Don’t let an ill-chosen expert spoil all your good work. Experienced expert witness Chris Makin offers a checklist of experts to avoid.
In appointing an expert witness, the first question you should ask is whether this person spends all their time as an expert witness. If so, proceed with caution.
A retired medical professional who seeks to supplement their pension with expert witness assignments may quickly fall out of date; other specialisms similarly may need someone who actually does the job, as well as propounding about it.
- Beware the expert requiring an advance retainer
Clients don’t sign blank cheques anymore, if they ever did. Far better is the method I use: an initial review of any case, without obligation to instruct me, and with no charge at all if the matter does not proceed. Thus, the instructing solicitor has no commitment to me and has incurred no fees with me, until I have seen the key documents, provided a typed initial review of the case, and said how much a report is likely to cost. That is good business for me, since in the vast bulk of cases my initial report shows that I understand the issues and leads to confirmed instructions. And on the rare occasions where I am not instructed, I don’t even sulk!
- Avoid the specialist who is difficult to reach
If the specialist doesn’t return calls or emails, or if a secretary is protecting him from interruptions, or if you need to give 72 hours notice for a telecon, find someone else! Litigation can be fast-moving as we all know, with tight deadlines. What if a Part 36 offer is about to expire, and you need your accountant expert to tell you if he thinks it is reasonable or not? I work alone, I answer the phone, and you will get an answer from me within a few hours. Of course, if I’m in court or doing a mediation it may be later in the day; but I appreciate the need for rapid access, and I respect it.
- How will your expert look to the judge?
First impressions in any situation are vital. An expert who turns up for a conference with counsel in jeans and a dirty sweater, or even without a tie, may think this is acceptable in a courtroom. It isn’t.
Similarly, does the expert appreciate that their function is to assist the court – that is, to explain complex matters to the informed layman, the judge or jury – or do they consider that their function is to maintain the mystique of their profession? Can you understand what the expert is talking about? If not, this isn’t the expert for you.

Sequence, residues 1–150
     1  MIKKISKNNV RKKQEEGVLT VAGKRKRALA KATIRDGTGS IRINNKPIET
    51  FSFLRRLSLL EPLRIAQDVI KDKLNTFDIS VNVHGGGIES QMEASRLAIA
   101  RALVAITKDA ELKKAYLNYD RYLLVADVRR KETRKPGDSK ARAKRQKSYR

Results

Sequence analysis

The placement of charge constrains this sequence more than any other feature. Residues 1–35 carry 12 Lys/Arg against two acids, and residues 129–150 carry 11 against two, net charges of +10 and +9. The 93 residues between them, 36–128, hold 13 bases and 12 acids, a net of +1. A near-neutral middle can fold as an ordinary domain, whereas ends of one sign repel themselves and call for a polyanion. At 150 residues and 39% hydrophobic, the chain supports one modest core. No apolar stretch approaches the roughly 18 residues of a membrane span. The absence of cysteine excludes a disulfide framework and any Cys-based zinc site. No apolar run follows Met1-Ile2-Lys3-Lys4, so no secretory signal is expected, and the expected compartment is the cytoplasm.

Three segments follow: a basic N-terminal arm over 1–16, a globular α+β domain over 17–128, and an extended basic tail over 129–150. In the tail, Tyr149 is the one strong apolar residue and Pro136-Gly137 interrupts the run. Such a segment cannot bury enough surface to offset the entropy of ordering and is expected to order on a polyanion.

- Does the expert have courtroom experience?
I have often found myself ranged against an accountancy expert on the other side who didn’t have the first idea about CPR 35, FPR 25 or CrPR 33. They thought that their function was for their side to win at all costs, with their help. I joined the committee of the ICAEW Forensic Group, and we worked for seven years to devise an accreditation scheme for forensic accountants and expert witnesses. I was in the first group to become accredited, and there are still only 100 of us out of the 145,000 chartered accountants who have gained this kite mark – it’s stiff! So if you want a chartered accountant who knows what he is doing in this second profession of being an accomplished expert witness, this is the snappy address to put in your browser, Or google ICAEW forensic accountant and look for Register. You will find a list of specialisms, with a list of those of us who have reached this high standard.
- Look at the expert witness’s adverts
If there is any suggestion of helping you to win cases, or of “gun for hire”, beware! I remember an orthopaedic surgeon who regularly lectured while dancing with a skeleton, and convinced defence solicitors and insurers that whiplash did not exist. Unsurprisingly, he acted only for defendants and he was very busy. But he became tainted and such experts now have no place in the courtroom. Look for an expert who acts in broadly equal measure for claimants and defendants or, increasingly in family matters, as an SJE. Hot tub experience is good too.
Look for an expert who can take the balanced view. I act as a mediator and as an expert determiner. I can usually pinpoint the strengths and weaknesses of a case, which puts me in a good position to discuss whether to run the case, or how to settle on best terms.
- Read up on the expert’s published opinions